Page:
Prepared by Bradley C. Barnhorst, MBA ’04 in consultation with Prof. Gary Bolton.
Smeal College of Business, The Pennsylvania State University.
Fall 2003
base of $4.7 billion, this would amount to a daily dollar volatility of $44 million, which roughly
agrees with FHI’s self reported daily volatility of $45 million. On this basis alone, it seems that
FHI has far outperformed the market with the same amount of risk.
Another potential measure of risk is called Value at Risk (VaR). This number is meant to
represent the largest possible loss of the portfolio on a given day under normal market
conditions. In other words, VaR is the equivalent of saying, “99 out of 100 days, my portfolio
will lose no more than x.” FHI used the following equation for calculating VaR:
Volatility * Factor = VaR
Which value to use as the “factor” is dependent upon your assumptions. For instance, if returns
are normally distributed and expected returns are zero, the factor for the 99% confidence level is
2.326. So, daily VaR for FHI would be about $105 million, meaning only one out of every
hundred days should losses be greater than $105 million. This number can be converted into a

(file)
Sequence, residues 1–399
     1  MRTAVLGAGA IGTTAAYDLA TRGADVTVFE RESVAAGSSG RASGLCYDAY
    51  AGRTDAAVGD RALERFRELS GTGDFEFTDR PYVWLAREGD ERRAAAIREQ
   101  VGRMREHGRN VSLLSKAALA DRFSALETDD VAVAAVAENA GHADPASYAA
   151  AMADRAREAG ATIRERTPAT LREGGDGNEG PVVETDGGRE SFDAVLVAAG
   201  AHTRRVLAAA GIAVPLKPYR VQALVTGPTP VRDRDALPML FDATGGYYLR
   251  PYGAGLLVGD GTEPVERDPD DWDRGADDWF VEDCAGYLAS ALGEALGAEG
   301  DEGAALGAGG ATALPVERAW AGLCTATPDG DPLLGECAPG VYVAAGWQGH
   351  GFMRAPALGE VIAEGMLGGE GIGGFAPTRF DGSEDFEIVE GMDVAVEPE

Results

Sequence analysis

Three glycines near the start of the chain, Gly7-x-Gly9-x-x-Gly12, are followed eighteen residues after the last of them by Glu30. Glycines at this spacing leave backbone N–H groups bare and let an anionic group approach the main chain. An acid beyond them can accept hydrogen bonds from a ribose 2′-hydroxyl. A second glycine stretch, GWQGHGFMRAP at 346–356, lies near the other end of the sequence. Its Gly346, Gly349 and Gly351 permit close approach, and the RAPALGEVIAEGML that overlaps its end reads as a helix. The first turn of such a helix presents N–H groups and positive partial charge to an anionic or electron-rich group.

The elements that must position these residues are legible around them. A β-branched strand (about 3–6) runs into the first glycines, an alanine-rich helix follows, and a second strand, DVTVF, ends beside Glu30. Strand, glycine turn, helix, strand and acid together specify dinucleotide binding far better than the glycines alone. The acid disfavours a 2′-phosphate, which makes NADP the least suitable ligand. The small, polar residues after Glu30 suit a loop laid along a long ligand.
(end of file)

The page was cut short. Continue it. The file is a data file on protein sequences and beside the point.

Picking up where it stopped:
monthly or yearly number by multiplying by the square root of the number of trading days (about
21 trading days in a month, 252 in a year).
VaR can also proxy for the amount of capital needed to provide a “cushion” for routine losses.
Since VaR is supposed to represent the largest conceivable losses, by holding more than the VaR
in reserve a company should be protected from routine fluctuations in the portfolio.
Far Horizon’s Strategy
FHI’s strategy was highly dependent upon credit events. In essence, FHI would make a bet that
a country wouldn’t default on payment of its debt.1 If the country didn’t default (the usual case),
FHI would make a small sum of money, but if the country did default (a very small chance), FHI
could stand to lose a large sum. Since FHI would make this bet many times on many different
countries, as long as the occurrence of defaults is not very positively correlated, the distribution
of returns should be approximately normal.
The nature of FHI’s investments is also, for the most part, fairly illiquid, due to its extreme use
of leverage (i.e. borrowing, using already purchased securities as collateral. This increases the
potential gains, but also the potential loss). Should the fund lose over $1 billion of its $4.7
billion base without raising new capital, the fund is unlikely to survive (since those loaning the
money will force sale of the assets to cover the loan, as the collateral is worth less). Far
Horizon’s managing partners were fairly confident that, since they had just returned over $2